Orbilinia is a series of abstract paintings that explores the nature of otherworldliness. Rarefied, meditative and serene, they hang together to round out a suggestive sense of celestial sanctuary and sacred retreat. Complex and meticulously layered, their atmospheric materiality shows no trace of brushes or traditional painting tools. Their surfaces grow by slow accretion similar to the way nature marks the land, with each layer exposing as well as veiling its elements.
– Orbilinia website

Deborah Barlow: O R B I L I N I A – A PAINTING INSTALLATION

March 11 through March 16, 2013. An opening and artist reception will be held on Tuesday, March 12, from 5-8PM.
The public is invited to attend.

Woodbury Museum
575 E. University Parkway N250
Orem UT 84097
801.863.4200

ORBILINIA website
Deborah Barlow
Slow Muse


 

JMW Turner - Sun Setting over a Lake

J M W Turner, Sun Setting over a Lake (c 18400)

Turner was supreme …  in his response to real places. In the notebooks and in the many watercolours of sites in Britain, Switzerland or Italy, he is able to see and to reveal to us something that all too often remains invisible before our very eyes: the wholeness and life of nature manifested in the light that dissolves all particular things into unity.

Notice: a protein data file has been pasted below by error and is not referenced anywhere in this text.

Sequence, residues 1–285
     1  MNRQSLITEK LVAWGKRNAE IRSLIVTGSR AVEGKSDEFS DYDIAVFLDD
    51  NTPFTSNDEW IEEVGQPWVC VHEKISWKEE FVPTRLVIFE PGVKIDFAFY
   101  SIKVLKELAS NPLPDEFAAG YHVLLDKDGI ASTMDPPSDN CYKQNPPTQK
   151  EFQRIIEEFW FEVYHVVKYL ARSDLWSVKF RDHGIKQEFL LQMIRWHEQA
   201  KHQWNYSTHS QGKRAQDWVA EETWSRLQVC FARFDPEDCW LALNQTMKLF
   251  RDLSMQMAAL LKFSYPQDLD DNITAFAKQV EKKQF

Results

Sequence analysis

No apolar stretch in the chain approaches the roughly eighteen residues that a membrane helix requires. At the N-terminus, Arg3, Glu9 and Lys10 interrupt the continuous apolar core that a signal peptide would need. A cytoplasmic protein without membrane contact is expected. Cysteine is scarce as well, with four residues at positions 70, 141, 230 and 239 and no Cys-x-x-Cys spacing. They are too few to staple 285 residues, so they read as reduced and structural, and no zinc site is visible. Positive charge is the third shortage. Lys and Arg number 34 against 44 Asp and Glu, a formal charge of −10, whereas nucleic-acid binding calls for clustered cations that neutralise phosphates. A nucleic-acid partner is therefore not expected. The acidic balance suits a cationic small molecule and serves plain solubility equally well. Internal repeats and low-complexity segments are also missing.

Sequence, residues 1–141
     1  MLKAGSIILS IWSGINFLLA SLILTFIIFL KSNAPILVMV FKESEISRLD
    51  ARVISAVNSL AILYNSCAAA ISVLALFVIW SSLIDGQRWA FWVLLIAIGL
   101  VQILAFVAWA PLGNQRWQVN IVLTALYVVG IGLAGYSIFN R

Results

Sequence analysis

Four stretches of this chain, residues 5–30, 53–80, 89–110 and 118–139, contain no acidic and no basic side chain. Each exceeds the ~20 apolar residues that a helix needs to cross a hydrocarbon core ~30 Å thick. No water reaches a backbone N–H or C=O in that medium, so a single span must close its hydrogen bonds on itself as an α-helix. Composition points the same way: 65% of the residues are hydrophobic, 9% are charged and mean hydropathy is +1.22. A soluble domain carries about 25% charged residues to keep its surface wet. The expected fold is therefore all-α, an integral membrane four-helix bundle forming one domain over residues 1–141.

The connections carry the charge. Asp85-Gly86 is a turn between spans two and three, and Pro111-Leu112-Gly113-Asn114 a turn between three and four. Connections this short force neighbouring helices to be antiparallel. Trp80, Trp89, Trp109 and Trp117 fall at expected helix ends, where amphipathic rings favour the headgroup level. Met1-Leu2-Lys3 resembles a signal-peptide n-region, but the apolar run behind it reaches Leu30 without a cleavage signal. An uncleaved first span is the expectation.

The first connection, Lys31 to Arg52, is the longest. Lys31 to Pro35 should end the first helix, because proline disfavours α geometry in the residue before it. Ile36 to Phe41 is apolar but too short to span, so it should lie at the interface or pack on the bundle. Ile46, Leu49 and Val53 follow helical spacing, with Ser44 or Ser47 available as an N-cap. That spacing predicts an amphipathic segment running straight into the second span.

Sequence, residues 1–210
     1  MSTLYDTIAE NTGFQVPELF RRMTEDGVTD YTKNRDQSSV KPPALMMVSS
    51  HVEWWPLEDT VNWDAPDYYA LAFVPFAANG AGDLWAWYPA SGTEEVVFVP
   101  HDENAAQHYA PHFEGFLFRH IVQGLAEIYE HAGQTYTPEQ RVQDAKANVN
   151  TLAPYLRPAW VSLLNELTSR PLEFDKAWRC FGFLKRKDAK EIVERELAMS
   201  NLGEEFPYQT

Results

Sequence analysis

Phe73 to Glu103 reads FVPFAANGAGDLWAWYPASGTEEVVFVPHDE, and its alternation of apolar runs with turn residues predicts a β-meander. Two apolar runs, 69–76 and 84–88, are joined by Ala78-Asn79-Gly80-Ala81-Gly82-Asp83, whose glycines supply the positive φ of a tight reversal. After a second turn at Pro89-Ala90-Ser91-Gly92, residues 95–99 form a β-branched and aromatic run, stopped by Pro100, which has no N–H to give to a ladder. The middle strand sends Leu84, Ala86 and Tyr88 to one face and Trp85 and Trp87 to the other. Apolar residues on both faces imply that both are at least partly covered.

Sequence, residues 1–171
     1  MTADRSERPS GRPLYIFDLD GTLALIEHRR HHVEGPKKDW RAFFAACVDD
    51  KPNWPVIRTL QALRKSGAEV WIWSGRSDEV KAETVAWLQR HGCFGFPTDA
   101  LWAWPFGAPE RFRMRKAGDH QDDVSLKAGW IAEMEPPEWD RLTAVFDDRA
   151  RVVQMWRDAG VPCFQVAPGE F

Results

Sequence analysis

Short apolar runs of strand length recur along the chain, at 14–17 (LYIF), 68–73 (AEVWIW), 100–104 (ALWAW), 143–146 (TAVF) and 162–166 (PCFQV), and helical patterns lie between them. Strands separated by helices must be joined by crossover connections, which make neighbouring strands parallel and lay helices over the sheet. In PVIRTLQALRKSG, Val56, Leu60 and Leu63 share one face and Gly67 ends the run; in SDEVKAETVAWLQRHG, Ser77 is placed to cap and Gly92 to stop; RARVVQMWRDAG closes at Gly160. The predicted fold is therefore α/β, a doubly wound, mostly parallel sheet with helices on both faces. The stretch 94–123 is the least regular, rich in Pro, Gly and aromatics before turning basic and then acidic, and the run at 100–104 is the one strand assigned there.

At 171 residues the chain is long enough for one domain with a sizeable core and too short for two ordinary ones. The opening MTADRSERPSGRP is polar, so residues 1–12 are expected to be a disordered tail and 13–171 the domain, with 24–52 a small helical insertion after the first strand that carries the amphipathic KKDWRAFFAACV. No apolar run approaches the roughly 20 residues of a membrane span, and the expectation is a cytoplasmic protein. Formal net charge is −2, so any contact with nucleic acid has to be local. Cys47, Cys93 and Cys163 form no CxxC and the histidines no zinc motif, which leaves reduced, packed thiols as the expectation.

– Christoper Allen in The Weekend Australian

TURNER FROM THE TATE: The Making of a Master

To May 19
Art Gallery of South Australia
North Terrace  Adelaide SA 5000
(08) 8207 7000


and then along came Lu

 

Miriam Louisa Simons: detail from scroll - Lu

Lu,  220 x 220 

Detail from scroll  (980 x 355)
torn khadi papers, stainless steel gauze, acrylic paints
lurex threads, textured canvas, ceramic tile fragment

 

I dug out my Zen and Taoist texts, poked around online encyclopedialand, and found that Mu and Ku are Japanese words with – to the uninitiated – apparently similar meaning.

Mu: lit. nothing.  Space, emptiness, clearness, transparency.

Ku: lit. sky, space, mouth.  Three-dimensional void, sunyata, emptiness.

Wu is a Chinese Taoist word.  Lit. not have, without.  Commonly used to indicate not-being, creative quietude, letting-be.  Not too far out of step with Mu and Ku, it seems to me.